8. For our purposes, and we speak here for the advocates of character education as well as their critics, this distinction will suffice. It may be problematic, however, because definitions of character often refer to temperament or personality. The Oxford Etymological Dictionary, for example, defines character as a “natural tendency or bent of mind, especially in relation to moral or social qualities.” Its editors list “temperament” as a synonym (p. 493).

9. For an extensive treatment of civic education and the Mozert case, see Macedo, 2000, especially chapters six and seven.

10. Even the devil might be said to have some virtues, as Peters (op. cit., p. 43) wryly notes: “A Quaker lady was once told that she would find something good to say even about the devil. To which she replied, ‘Well, he is persistent.’” To this virtue we might add, on the devil's behalf, the virtues of consistency, industry, and imagination, all of which Peters describes as character traits.

11. What's the difference between character education and character indoctrination? Indoctrination is a form of socializing persons into proper behavior or socializing them to hold the “right” values. Education, on the other hand, implies some critical distance from the topics so that persons can reflect on different aspects of and on alternatives to what's presented. Indoctrination, which often carries a negative connotation, is not without an important place in character education, or so I shall argue. Young children need to be socialized before they can be critics.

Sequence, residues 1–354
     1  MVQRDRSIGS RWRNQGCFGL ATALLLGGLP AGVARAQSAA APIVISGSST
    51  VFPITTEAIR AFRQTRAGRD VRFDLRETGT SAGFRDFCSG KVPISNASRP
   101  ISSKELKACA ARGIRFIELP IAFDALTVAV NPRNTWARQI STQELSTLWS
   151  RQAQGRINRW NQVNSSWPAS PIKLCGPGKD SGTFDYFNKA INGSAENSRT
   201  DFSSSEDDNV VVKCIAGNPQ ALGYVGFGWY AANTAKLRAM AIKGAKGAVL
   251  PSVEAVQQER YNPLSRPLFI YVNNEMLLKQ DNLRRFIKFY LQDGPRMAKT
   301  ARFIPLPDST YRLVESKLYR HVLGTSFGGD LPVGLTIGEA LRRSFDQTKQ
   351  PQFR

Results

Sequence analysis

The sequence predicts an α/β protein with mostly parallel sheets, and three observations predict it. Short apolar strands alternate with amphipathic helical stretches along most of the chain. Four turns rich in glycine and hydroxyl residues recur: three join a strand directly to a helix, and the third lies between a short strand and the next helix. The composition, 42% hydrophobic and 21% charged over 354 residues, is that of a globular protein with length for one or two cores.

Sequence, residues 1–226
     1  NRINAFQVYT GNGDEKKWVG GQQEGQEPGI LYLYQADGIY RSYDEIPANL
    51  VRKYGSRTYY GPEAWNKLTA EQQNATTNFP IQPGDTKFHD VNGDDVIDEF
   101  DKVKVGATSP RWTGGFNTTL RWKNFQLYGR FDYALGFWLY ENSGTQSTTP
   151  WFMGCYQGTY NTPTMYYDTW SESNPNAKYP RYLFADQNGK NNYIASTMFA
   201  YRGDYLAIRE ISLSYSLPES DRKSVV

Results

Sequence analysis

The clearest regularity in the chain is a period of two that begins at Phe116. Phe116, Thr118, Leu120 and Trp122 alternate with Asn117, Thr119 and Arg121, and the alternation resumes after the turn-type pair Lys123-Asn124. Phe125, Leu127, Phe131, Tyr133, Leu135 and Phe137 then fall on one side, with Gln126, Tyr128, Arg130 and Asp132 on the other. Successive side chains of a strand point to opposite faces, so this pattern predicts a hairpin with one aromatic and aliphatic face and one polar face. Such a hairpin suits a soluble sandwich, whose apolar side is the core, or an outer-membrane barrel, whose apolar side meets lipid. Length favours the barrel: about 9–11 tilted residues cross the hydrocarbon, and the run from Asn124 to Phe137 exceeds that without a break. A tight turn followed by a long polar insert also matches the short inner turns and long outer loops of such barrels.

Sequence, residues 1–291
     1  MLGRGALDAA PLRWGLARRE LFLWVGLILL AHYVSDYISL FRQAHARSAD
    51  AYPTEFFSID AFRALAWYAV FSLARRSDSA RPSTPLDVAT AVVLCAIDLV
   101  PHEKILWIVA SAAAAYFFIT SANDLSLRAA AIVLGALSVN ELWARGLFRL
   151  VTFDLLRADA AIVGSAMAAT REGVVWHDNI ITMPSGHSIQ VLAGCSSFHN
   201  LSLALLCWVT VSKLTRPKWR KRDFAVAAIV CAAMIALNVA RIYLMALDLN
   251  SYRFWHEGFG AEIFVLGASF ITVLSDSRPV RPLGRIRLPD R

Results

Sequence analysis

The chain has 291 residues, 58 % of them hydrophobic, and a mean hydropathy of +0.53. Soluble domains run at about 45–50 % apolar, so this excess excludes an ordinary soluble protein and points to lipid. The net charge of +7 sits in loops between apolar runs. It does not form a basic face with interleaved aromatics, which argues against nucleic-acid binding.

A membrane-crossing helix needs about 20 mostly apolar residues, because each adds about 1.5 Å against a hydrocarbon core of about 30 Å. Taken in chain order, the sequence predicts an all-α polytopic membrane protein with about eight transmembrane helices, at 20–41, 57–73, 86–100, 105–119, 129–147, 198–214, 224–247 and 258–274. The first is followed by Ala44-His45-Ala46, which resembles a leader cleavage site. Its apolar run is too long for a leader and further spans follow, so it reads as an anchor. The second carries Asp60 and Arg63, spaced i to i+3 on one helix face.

12. In the mid-1970's public-school teachers rated values clarification as the most widely approved approach to teaching morals. See Macedo 2000, 122-25.

13. This is not to suggest that an ethos of this sort will not itself be controversial. Pierre Bourdieu, for one, argues that when teachers demand “good behavior” from their students, they are perpetuating a system of domination by coercing students to take up pre-determined social and political roles. At the same time, through such demands teachers reinforce their authority and subordinate the students. See Pierre Bourdieu and Jean-Claude Passeron, Reproduction in Education, Society, and Culture, trans. Richard Nice, (London: Sage Publications, 1990), 10.

14. Dewey, 1916/2004, 10-11, 49. See also Harry Boyte, 2004.

15. See Mariana Souto-Manning (2007). Souto-Manning cites L. Chouliaraki and N. Fairclough, Discourse in Late Modernity, Edinburgh: Edinburgh University Press, 1999 and N. Fairclough, Analysing Discourse: Textual Analysis for Social Research, London: Routledge, 2004 for evidence of the distinction between appropriating language and being colonized by it.

16. Theodore Roosevelt, “Religion and the Public Schools,” Collected Works, 15; quoted in Macedo (2000), p. 93.

Copyright © 2013 by
Jack Crittenden
Peter Levine <>

This is a file in the archives of the Stanford Encyclopedia of Philosophy.
Please note that some links may no longer be functional.
[an error occurred while processing this directive]